not continuously, but by definite steps, as would inevitably be the case if the energy were atomic in structure. I have introduced this illustration from the vortex atom theory of matter, for the purpose of showing that when we have a structure as fine as that of atoms we may, without any alteration in the laws of dynamics, get discontinuities in various dynamical quantities, which will give them the atomic quality. In some cases it may be that the most important effect of the fineness of the atomic structure will be the production of this atomic quality in some dynamical quantity such as the kinetic energy. If then we postulate the existence of this property for the energy, it may serve as the equivalent of a detailed consideration of this structure itself. Thus, for many purposes (for example, in the elucidation of the remarkable results obtained by Professor Nernst and his pupils on specific heats at low temperatures, or Mr. Bohr's researches on the distribution of lines in various spectra) Planck's quantum theory serves as the equivalent of a knowledge of the structure of the atom.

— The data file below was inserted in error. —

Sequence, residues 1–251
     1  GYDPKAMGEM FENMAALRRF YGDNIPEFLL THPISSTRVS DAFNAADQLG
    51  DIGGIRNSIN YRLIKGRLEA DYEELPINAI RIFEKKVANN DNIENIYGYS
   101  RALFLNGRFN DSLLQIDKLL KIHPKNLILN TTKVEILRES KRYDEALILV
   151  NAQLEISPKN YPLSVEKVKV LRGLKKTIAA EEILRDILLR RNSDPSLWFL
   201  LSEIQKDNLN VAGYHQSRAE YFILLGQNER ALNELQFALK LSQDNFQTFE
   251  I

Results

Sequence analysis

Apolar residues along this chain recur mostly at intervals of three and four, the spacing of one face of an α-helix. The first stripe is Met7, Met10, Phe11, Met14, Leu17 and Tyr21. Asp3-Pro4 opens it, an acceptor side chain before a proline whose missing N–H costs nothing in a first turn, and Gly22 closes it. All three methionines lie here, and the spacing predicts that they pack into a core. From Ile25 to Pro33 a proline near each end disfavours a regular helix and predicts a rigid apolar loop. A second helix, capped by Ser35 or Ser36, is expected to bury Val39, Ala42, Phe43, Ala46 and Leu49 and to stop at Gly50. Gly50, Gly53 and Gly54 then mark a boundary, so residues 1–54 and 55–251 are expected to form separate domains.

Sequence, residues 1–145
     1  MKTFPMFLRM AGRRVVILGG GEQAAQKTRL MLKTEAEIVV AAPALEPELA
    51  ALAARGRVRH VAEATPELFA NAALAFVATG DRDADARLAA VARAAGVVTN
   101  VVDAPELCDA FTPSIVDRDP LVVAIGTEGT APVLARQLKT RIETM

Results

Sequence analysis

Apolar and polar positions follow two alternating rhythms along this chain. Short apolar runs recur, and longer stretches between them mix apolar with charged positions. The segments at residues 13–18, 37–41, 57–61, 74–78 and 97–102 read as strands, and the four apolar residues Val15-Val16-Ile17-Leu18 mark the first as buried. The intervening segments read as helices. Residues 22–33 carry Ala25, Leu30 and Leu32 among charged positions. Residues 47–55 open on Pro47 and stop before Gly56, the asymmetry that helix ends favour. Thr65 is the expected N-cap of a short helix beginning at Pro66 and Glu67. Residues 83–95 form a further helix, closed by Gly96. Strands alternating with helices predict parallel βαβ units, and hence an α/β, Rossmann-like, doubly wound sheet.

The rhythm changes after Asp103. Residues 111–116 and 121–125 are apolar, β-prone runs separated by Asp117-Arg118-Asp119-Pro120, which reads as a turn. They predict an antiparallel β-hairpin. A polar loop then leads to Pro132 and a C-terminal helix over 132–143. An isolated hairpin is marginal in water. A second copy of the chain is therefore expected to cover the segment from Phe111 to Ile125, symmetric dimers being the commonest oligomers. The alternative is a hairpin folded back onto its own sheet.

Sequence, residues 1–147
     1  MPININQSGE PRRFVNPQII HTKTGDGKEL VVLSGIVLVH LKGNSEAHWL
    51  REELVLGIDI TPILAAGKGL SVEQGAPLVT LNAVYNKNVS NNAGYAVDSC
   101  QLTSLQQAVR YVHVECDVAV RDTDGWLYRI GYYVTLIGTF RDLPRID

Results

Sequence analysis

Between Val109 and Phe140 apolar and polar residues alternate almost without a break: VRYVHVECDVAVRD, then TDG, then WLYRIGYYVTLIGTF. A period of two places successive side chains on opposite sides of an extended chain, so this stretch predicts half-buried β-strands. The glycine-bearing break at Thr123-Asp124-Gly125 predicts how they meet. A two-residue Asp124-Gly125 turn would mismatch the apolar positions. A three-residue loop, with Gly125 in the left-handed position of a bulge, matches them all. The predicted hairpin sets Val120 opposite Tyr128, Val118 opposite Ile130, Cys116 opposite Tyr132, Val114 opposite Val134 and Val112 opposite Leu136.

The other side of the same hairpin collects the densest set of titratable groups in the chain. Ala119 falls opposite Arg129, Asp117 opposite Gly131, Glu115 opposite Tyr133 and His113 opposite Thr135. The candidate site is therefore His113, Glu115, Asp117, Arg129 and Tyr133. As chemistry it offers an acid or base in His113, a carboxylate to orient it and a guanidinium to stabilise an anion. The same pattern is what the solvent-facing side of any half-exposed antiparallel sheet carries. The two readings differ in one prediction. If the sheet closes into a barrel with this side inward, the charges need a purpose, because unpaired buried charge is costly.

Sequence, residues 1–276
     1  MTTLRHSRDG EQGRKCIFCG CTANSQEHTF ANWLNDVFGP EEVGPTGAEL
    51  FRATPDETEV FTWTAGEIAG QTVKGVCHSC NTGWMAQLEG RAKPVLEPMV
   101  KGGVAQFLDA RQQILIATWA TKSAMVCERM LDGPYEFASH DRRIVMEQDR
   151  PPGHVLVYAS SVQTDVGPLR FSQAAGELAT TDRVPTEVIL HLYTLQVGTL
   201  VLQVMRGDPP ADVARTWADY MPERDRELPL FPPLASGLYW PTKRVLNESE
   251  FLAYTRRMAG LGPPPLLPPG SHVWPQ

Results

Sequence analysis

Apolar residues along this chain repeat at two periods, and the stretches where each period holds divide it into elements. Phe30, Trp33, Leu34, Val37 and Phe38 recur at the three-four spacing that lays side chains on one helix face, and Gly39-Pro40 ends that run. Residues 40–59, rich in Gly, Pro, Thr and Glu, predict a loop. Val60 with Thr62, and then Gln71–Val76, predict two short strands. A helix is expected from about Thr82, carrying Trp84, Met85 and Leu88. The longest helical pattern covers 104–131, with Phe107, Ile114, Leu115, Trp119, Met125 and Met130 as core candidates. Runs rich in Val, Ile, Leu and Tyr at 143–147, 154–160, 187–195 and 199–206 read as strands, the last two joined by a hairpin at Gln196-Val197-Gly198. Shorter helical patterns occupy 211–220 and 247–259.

If we assume that the recognized laws of electrical action hold for the small charges carried by the electrified parts of the atom—the electrons and the corresponding positive charges—we can by the aid of mathematical analysis get some idea of the way in which a number of electrons will arrange themselves when in stable equilibrium. We find that in a symmetrical atom only a limited number of such electrons can be in equilibrium when arranged on a single spherical surface concentric with the atom: the actual number which can be arranged in this way depends on the distribution of positive electricity in the inside of the atom. When the number of electrons exceeds this critical number, the electrons break up into two or more groups arranged in a series